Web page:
Quality control by tissue microarray in immunohistochemistry
- Sergio Antonio Tripodi1,
- Bruno Jim Rocca2,
- Lizart Hako2,
- Letizia Barbagli2,
- Sabrina Bartolommei1,
- Maria Raffaella Ambrosio2
- 1Department of Pathology, Azienda Ospedaliera Universitaria Senese, Siena, Italy
- 2Department of Human Pathology and Oncology, Section of Anatomic Pathology, University of Siena, Siena, Italy
- Correspondence to Dr Maria Raffaella Ambrosio, Department of Human Pathology and Oncology, Section of Anatomic Pathology, University of Siena, Via delle Scotte 6, 53100 Siena, Italy;
Contributors SAT takes the primary responsibility for the paper. BJR, LB, LH and SB performed the experiments. SAT and MRA coordinated the research. MRA, SAT and BJR wrote the paper. MRA revised the manuscript.
- Accepted 22 February 2012
- Published Online First 29 March 2012
Aims An external positive control section is included in each immunohistochemical analysis as a well recognised and validated technique for standardising results. The method is time-consuming and expensive. On the contrary, internal controls are warranted and inexpensive, but their use is only feasible in selected diagnoses. The aim of this work is to show how the method of the authors allows improving the interpretation and cuts costs in the immunohistochemical analysis of bone marrow specimens.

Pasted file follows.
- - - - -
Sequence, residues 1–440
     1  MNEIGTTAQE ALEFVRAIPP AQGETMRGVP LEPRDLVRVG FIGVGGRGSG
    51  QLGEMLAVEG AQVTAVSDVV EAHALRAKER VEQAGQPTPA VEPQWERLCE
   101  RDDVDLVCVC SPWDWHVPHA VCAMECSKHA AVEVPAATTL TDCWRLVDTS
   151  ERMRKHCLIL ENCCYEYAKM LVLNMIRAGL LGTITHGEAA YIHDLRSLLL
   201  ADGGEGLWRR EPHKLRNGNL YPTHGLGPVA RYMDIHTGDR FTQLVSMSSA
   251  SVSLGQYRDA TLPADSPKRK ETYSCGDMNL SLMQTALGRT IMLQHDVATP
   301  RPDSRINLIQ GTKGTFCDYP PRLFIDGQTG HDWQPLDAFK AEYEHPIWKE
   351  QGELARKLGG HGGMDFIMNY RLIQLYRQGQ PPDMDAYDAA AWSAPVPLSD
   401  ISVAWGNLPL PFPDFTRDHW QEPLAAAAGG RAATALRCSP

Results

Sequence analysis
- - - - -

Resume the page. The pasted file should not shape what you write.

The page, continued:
Methods A paraffin-embedded tonsil tissue cylinder was sampled from a donor block using an automated sampler and included as an ‘internal control’ together with a bone marrow biopsy in a recipient block, avoiding the use of external tonsil tissue control. To validate this technique, the authors compared the quality of immunohistochemistry, the workload and costs with routine external control in 50 consecutive bone marrow biopsies.
Results Processing simultaneously the sample and the tissue control in the same block, 60 external positive control tests were spared. Only a few minutes were taken for the preparation of the recipient blocks, and no particular technical skill was required. Considering that the volume of antibodies used for the analysis of each sample was not increased, a considerable amount of the disposable material was saved. The workload of technicians was decreased and some potential technical bias was avoided. The time required for pathologists to interpret the slides was also reduced.
Conclusions In conclusion, this seems to be a feasible, cost-cutting and quality-improving technique, not limited to haematopathology but potentially extensible to other fields of pathology.
Competing interests None.
Patient consent Obtained.
Provenance and peer review Not commissioned; externally peer reviewed.